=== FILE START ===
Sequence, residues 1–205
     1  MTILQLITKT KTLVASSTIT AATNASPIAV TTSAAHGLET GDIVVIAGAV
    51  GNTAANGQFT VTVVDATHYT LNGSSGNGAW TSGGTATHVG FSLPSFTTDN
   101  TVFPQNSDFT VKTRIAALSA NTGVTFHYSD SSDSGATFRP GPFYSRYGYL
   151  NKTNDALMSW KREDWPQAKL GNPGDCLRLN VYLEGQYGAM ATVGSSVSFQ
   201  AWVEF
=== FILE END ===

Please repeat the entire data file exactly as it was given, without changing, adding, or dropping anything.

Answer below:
Sequence, residues 1–205
     1  MTILQLITKT KTLVASSTIT AATNASPIAV TTSAAHGLET GDIVVIAGAV
    51  GNTAANGQFT VTVVDATHYT LNGSSGNGAW TSGGTATHVG FSLPSFTTDN
   101  TVFPQNSDFT VKTRIAALSA NTGVTFHYSD SSDSGATFRP GPFYSRYGYL
   151  NKTNDALMSW KREDWPQAKL GNPGDCLRLN VYLEGQYGAM ATVGSSVSFQ
   201  AWVEF